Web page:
Powa Technologies, the London-based payment company that fell into administration late last month, fired around 5% of its staff on New Year’s Eve, causing disruption and delays to a project it had just raised $80 million (£57.2 million) for.
Two former Powa employees, who declined to be named, separately raised the New Year’s Eve firings with Business Insider as an example of how bad employee turnover was.
Powa employed 311 staff when it went into administration. An estimated 15 developers working on Powa’s mobile card reader, mPowa, were let ago on December 31, 2014, the sources said. The timing of the firing meant employees were not entitled to any pay in January.
The New Year’s Eve redundancies came just a month after Powa raised $80 million (£57.2 million) from its biggest investor, Wellington Management, to launch its mPowa card reader into the US. The mPowa reader, later called PowaPOS, was built to rival the likes of Square and iZettle.
One former developer who worked closely with engineers made redundant told BI: “That specific case around the firing of people New Year’s Eve, that was pivotal because that project was already years overdue. When you fire a core team like that then obviously that’s going to set you back even further.”
The redundancy round in 2014 is just the most memorable of many, according to several former employees, who say senior management routinely fired groups of staff despite no obvious financial pressure or underperformance.
The developer added: “Redundancies like that were quite common. The next one happened a few months after when I think 20 staff went or something like that. It was absolutely ridiculous.”
The developer said there was “no respect” for engineers, adding: “In many cases when people were made redundant they went on a hiring spree again which made it even worse.” He said people who were made redundant were often scapegoats for missed deadlines due to unrealistic forecasts.
Deloitte, who now act and speak for Powa, declined to comment on the New Year’s Eve redundancies and turnover at the company.
Powa’s founder and CEO Dan Wagner did not respond to emails or calls from Business Insider. When called by Business Insider, Wagner replied over text: “I can’t talk right now.” He did not respond to subsequent texts and calls.
Wellington Management did not respond to an emailed request for comment from BI. We’ll update if we hear back.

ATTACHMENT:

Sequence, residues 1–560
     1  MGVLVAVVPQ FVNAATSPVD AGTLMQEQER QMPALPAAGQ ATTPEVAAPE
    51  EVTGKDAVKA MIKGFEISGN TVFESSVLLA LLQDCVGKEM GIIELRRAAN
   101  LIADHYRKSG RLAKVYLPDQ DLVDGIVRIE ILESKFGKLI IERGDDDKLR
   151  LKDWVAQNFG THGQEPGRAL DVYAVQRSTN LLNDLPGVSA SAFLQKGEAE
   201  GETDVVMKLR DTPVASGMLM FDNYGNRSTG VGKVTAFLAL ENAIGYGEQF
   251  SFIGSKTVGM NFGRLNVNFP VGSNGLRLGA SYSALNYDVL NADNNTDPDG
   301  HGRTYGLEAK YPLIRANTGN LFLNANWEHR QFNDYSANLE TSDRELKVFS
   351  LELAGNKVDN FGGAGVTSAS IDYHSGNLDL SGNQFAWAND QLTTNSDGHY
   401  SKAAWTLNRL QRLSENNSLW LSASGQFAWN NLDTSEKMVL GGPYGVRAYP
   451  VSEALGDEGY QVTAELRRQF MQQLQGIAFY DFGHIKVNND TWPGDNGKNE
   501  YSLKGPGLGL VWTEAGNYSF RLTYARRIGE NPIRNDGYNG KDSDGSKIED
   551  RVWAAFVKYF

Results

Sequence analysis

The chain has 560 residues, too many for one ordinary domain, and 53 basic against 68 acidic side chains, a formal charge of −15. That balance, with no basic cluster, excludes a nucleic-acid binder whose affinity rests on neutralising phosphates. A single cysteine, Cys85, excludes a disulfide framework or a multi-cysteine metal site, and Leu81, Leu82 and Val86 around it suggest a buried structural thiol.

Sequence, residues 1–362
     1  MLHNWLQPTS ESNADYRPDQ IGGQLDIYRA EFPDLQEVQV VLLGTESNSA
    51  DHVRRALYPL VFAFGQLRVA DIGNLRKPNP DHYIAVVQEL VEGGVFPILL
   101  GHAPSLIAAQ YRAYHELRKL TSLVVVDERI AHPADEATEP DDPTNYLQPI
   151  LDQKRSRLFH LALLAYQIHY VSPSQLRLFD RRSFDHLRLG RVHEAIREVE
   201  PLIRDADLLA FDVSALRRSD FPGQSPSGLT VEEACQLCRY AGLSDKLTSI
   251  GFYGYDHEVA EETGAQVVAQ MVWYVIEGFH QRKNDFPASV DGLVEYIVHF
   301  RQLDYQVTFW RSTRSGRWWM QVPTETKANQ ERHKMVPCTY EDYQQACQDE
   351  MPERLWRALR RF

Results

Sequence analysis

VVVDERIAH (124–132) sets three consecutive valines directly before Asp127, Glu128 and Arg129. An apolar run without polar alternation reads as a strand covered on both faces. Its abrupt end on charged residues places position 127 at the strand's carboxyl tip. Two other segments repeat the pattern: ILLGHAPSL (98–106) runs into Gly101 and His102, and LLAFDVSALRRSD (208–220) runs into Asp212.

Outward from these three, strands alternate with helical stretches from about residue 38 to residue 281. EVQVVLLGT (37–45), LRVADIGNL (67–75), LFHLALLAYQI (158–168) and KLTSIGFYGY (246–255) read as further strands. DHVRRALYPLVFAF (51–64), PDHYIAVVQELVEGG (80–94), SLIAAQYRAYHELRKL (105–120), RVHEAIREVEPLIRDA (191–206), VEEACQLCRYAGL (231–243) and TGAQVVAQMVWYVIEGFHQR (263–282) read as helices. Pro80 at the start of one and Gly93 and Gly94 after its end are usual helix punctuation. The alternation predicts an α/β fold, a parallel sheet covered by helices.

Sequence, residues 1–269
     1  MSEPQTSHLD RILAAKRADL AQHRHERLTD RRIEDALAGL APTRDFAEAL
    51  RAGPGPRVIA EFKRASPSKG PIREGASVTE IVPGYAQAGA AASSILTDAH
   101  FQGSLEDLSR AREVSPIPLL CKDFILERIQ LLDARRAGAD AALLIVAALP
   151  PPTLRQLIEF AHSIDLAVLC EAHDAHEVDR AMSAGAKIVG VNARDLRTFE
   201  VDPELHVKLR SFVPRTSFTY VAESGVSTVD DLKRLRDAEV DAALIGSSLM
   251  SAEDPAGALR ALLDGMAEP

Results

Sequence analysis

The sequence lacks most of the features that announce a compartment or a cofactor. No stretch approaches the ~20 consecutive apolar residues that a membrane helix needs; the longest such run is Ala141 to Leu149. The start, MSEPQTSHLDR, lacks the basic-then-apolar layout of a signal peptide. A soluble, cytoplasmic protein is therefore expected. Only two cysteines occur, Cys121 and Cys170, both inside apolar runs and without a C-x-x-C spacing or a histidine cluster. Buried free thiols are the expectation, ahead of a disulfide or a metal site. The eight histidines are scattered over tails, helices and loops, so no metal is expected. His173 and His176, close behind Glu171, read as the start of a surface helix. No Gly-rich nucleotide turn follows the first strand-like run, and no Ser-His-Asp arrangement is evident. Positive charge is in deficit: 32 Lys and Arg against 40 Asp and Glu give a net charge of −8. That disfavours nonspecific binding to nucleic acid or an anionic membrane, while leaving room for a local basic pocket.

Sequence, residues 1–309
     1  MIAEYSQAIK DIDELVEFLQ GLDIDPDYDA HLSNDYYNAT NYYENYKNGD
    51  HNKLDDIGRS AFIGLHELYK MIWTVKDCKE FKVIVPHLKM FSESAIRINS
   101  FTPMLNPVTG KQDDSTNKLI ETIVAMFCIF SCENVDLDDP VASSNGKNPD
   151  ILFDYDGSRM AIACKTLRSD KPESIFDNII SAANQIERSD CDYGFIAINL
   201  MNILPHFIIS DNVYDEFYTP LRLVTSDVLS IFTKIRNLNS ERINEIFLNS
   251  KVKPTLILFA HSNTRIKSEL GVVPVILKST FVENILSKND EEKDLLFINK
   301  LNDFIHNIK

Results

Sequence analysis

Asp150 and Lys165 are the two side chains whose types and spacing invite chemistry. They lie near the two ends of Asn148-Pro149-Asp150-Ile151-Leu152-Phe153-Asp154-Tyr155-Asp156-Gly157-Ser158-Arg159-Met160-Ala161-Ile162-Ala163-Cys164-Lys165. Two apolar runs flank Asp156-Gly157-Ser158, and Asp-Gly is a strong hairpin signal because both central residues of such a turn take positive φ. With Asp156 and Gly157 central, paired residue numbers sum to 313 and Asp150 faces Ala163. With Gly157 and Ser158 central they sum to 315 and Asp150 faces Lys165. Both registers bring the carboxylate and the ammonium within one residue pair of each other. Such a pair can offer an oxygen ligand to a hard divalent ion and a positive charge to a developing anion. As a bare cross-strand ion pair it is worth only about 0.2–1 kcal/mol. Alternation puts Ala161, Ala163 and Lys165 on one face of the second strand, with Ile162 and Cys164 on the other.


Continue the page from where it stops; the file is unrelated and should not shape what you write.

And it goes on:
A second former sales employee who confirmed the New Year’s Eve firings also told BI that the layoffs delayed projects, as did repeated interventions from senior management.
He said: “Pretty much the whole road map for development, which should be making sure that you can get the client projects that are actually going to drive revenue through the door, would be completely headwinded by decisions at that level [senior management], which makes the projects completely go off track.”
“If you’re not deploying because someone wants to make it look prettier or wants a different UI or wants it to look more seamless, you’re actually letting your customers down. At the end of the day, your customers are paying you.”
He added of the culture of redundancies: “If they [staff] weren’t doing the right things or singing the right songs, they’d pretty much get marched immediately.”
Numerous reviews on anonymous employee feedback site Glassdoor also cite high staff turnover at Powa Technologies as one of the company’s biggest problems. One review writes: “REDUNDANCIES!!! This is kinda a company tradition. Just to warn you, it happens every quarter of the year.”
Powa, once valued at $2.7 billion (£1.9 billion), called in Deloitte as administrators two weeks ago after running out of money. The company has raised at least $225 million (£160.8 million) since 2013 but had just $250,000 (£178,700) in the bank at the start of February, with debts of $16.4 million (£11.7 million). Founder and CEO Dan Wagner told staff the company was “basically pre-revenue”, according to a video seen by the Financial Times.
London-headquartered Powa has three main business lines: PowaWeb, which built online shops for retailers; PowaPOS, formerly known as mPowa, which built a mobile card reader to rival the likes of Square; and PowaTag, an app the would let consumers buy things by scanning QR code, print adverts, and audio of TV ads.
The Financial Times reported on Monday that administrators Deloitte are telling Powa staff that “the former management’s powers have ceased” and warning them not to hand any company property, including computer code, to former management.
It’s not clear whether Powa CEO and founder Dan Wagner is still involved with the company. Deloitte declined to comment on his position and, once again, Wagner could not be reached for comment.